Hearing loss may have many causes, pathologies and symptoms which may be treated in various ways with various degrees of success. However, almost all hearing loss pathologies lead to a secondary, largely overlooked, mostly untreated hearing deficiency within the central auditory perception.
Hearing means that the brain receives electrical stimuli from the cochlear in a unique pattern which the brain uses as aural representations. As every sound we can identify is a unique such aural representation, the resolution of each must be as high as possible to preserve it’s uniqueness, without which it cannot be distinguished from other similar aural representations.
The full human frequency and dynamic spectrum of hearing is necessary to create 聽力受損 and maintain the uniqueness of each of these auditory representations. By combining these aural representations with other sensory inputs and experiences we assign each of them a meaning, individually in groups and in scenes. This skill we learn in early childhood when we acquire sensory awareness, but continue doing throughout our life, whenever we encounter a new, not stored aural representation.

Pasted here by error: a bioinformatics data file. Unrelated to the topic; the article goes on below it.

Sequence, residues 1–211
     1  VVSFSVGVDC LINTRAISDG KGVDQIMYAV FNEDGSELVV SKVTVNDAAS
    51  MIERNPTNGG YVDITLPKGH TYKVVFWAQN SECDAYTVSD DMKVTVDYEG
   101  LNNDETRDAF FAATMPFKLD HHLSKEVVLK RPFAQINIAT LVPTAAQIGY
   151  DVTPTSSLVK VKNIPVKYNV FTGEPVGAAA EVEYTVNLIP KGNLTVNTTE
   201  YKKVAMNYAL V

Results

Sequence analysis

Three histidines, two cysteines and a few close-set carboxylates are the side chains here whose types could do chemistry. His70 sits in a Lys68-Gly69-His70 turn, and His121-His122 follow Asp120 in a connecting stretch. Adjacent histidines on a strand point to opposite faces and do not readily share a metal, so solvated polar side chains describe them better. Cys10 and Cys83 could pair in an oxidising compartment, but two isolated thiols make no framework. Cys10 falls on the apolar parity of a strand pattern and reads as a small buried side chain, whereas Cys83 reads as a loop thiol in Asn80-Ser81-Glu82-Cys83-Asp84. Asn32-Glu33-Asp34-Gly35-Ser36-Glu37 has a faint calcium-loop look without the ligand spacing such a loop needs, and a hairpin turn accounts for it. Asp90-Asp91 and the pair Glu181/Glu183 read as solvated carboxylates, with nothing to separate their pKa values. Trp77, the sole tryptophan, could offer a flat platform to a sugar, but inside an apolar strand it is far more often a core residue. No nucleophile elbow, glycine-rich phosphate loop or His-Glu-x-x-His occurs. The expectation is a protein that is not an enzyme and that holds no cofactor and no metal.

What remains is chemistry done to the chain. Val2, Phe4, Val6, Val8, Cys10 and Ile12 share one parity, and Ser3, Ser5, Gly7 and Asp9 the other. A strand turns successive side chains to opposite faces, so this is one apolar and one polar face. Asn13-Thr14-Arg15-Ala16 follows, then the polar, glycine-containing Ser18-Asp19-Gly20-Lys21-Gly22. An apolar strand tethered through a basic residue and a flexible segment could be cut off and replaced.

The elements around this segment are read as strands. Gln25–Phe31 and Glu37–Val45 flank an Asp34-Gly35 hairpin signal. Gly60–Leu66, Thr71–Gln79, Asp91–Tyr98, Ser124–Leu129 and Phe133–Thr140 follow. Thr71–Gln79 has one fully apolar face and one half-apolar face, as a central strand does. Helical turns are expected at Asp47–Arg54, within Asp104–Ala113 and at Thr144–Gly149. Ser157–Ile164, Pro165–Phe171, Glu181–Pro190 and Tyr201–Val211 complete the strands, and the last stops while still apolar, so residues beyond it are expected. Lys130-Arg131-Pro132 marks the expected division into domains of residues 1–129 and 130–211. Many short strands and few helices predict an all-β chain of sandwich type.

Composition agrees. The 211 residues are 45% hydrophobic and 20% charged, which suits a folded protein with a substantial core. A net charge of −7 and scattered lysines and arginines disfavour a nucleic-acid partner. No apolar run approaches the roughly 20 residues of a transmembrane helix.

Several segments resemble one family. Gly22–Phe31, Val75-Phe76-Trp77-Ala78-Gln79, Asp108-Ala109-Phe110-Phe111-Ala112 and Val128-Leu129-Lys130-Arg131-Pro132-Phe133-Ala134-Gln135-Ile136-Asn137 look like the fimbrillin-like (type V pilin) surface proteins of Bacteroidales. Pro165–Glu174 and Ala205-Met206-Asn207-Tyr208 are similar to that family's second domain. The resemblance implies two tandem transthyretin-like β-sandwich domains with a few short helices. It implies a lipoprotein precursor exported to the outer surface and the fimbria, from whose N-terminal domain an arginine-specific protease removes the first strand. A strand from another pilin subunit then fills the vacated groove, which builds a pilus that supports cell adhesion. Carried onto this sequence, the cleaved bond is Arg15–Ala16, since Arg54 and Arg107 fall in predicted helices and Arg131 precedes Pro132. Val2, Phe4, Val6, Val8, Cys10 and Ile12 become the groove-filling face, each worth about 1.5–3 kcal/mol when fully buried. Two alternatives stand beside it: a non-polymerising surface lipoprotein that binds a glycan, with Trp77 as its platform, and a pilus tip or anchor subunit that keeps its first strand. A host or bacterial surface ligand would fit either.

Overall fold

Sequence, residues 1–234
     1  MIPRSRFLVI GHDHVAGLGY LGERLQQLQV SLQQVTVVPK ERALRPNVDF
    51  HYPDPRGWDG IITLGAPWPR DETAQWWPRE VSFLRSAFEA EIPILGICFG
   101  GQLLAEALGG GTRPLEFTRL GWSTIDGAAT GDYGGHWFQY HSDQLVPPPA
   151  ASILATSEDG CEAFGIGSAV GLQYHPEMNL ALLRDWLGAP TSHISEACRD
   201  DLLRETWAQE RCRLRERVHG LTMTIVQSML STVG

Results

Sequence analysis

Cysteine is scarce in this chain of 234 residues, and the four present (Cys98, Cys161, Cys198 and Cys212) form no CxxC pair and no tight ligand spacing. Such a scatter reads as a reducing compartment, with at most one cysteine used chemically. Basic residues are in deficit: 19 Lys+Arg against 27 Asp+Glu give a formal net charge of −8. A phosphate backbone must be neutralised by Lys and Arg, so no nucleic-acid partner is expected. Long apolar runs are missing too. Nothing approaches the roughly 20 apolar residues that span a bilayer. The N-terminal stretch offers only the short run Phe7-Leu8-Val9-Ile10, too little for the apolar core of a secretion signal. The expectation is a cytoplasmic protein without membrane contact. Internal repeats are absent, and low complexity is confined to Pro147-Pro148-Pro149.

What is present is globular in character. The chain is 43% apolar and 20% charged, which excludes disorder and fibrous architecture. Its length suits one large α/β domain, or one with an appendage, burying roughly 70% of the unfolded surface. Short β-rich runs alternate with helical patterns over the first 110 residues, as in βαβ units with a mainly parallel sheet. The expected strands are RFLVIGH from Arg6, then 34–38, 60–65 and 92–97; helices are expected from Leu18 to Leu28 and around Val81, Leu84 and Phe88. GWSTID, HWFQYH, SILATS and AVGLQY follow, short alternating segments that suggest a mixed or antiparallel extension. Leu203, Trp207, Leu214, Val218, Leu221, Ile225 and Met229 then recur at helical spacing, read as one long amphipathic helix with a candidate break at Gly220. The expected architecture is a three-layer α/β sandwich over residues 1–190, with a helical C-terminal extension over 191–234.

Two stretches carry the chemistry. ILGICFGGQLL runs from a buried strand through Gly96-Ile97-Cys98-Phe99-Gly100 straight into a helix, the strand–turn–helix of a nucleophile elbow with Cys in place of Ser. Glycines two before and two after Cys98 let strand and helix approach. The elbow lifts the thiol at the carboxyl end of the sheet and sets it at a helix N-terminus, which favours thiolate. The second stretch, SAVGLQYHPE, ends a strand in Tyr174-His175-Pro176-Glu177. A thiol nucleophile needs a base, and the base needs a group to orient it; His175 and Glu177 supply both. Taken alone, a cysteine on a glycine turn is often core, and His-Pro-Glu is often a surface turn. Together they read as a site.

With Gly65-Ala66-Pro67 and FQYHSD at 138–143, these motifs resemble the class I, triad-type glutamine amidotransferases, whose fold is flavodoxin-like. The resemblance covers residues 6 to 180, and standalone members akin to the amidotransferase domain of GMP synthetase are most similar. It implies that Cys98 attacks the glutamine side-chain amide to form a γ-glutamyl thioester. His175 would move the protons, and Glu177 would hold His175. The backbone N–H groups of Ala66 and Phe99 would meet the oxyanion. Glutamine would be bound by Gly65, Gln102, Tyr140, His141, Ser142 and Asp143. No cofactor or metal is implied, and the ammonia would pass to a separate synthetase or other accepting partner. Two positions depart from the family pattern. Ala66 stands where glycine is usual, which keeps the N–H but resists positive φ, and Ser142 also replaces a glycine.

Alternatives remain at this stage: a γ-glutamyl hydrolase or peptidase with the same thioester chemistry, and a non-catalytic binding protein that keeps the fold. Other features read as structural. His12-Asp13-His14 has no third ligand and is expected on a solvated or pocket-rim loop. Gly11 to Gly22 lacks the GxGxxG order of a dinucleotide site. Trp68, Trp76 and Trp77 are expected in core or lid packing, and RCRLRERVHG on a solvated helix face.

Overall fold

All of these unique aural representations are stored in our long term memory to be quickly and automatically accessed and compared with incoming aural patterns through use of our short term memory to assign each a previously learned meaning. Only if this process is fully automated will it be fast enough for us to understand the complexities of language and at the same time not require significant mental resources.
In case of just a very mild hearing loss, the presence of which would not even be revealed by a conventional audiogram, a significant amount of detail of a signal is lost. Any auditory pattern created out of this altered signal will significantly differ from its original, through normal hearing, created form. What was once unique, now closely matches several other aural representations.
This insignificant hearing loss might cause symptoms which are seemingly over proportional to its original cause and triggers a chain reaction of effects on the human brain and central auditory system.
If uniqueness is lost to an aural representation, hearing which is designed to be fully automated, becomes a conscious process [again], whereby we try to assign the most likely meaning derived from available context (auditory as well as other sensory input or experiences) which is available.